The precise quantum control of single photons, together with the intrinsic advantage of being mobile make optical quantum system ideally suited for delegated quantum information tasks, reaching from well-established quantum cryptography to quantum clouds and quantum computer networks.
Here I will present that the exploit of quantum photonics allows for a variety of quantum-enhanced data security for quantum and classical computers. First, I will present a homomorphic-encrypted quantum random walk using single-photon states and non-birefringent integrated optics. The client encrypts their input state in the photons’ polarization degree of freedom, while the server performs the computation using the path degree of freedom. Then I will briefly discuss the realization of a feasible hybrid classical-quantum technology, which shows promising new applications of readily available quantum photonics technology for secure classical computing by enabling probabilistic one-time programs.
In the emerging field of quantum information technology the two basic subfields are quantum communication
and quantum computation. Photonic qubits are considered as most promising information carriers for this
new technology due to the immense advantage of suffering negligible decoherence. Additionally, the very small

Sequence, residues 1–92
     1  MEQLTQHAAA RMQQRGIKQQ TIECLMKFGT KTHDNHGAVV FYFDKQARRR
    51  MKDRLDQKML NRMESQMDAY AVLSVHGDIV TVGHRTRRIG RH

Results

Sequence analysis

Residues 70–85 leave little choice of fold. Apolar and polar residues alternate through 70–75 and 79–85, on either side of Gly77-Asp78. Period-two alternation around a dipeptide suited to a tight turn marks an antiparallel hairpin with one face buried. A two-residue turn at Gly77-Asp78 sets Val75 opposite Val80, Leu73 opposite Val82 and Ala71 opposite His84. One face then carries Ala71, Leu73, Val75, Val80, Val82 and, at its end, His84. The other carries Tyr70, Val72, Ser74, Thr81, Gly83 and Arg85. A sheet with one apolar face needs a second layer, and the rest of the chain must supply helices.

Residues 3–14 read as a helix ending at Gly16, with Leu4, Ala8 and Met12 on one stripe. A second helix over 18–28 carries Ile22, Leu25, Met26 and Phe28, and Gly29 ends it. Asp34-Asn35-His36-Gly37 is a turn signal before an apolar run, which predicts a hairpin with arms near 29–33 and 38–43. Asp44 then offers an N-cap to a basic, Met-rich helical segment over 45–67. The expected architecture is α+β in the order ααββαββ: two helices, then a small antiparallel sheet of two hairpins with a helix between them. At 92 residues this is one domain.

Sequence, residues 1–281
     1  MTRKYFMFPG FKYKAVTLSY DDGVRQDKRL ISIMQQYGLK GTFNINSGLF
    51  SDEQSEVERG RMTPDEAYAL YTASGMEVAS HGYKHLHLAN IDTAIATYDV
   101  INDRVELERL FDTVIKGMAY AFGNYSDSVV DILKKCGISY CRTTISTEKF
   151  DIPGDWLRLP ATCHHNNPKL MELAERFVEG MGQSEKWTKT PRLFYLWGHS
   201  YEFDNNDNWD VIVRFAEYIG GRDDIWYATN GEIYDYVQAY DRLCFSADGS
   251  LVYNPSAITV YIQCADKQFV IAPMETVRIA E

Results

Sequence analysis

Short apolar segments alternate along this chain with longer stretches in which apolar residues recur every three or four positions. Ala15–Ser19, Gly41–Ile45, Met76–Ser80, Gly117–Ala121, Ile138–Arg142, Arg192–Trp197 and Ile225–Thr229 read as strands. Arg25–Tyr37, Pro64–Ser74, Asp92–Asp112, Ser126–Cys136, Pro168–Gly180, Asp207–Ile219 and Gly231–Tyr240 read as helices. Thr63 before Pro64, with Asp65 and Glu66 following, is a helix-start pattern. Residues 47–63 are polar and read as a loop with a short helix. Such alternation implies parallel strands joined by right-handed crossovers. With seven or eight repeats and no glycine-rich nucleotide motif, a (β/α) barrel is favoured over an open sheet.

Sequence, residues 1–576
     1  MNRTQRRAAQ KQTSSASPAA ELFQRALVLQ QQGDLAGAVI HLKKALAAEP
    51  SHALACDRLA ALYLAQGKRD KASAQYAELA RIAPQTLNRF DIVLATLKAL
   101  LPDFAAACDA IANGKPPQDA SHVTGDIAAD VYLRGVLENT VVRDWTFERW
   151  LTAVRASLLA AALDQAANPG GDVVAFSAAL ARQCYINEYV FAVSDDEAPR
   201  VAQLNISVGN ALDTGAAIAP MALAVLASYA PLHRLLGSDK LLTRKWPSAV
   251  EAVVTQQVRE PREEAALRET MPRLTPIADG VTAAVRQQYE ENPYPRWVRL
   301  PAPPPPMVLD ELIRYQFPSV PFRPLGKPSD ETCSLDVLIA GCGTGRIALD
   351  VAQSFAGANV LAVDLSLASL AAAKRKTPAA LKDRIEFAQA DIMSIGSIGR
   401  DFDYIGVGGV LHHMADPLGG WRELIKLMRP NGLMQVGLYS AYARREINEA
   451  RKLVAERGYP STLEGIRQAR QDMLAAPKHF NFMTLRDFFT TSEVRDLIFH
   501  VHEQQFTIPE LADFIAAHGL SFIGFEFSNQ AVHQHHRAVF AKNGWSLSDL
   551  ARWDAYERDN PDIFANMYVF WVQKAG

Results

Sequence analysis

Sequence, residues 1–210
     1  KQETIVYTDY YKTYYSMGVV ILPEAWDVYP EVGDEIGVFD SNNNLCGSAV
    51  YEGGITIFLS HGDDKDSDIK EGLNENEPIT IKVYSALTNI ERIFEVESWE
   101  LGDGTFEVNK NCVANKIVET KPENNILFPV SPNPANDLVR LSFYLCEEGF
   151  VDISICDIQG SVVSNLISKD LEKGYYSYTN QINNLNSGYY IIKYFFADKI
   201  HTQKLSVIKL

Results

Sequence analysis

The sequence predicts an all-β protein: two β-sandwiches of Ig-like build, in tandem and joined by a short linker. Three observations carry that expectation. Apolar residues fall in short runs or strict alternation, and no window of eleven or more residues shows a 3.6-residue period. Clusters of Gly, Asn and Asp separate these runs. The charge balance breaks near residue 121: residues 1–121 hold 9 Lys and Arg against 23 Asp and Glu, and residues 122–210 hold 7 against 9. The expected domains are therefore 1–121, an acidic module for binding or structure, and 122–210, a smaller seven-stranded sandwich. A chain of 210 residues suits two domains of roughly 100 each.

photon-photon interactions can be replaced by inducing effective nonlinearities via measurements which allow for
the implementation of crucial two-qubit gate operations. Although the spontaneous parametric down-conversion
gives access to the generation of highly entangled few-photon states, such as four-qubit cluster states which
allow to demonstrate the new concept of the one-way quantum computer, its applicability is highly limited
due to the poor scaling of the simultaneous emission of more than one-entangled photon pair. Therefore of
particular interest is the reversible mapping of qubits from photon states to atomic states. This might allow
the implementation of photonic quantum repeaters for long-distance quantum communication or the generation
of arbitrary multi-photon states as required for linear-optics quantum computing. Thus for the realization of
such a quantum network several approaches for achieving the required quantum control between matter and
photons have been studied during the past few years. Recent experiments demonstrating the generation of
narrow-bandwidth single photons using a room-temperature ensemble of <sup>87</sup>Rb atoms and electromagnetically
induced transparency should emphasize the progress towards such a quantum network.
Quantum metrology utilizes nonclassical states (of light) to
outperform the accuracy limits of its classical counterpart. We
demonstrate the relevance of photon number Fock states and
polarization entanglement for the experimental realization of
interferometric quantum metrology applications.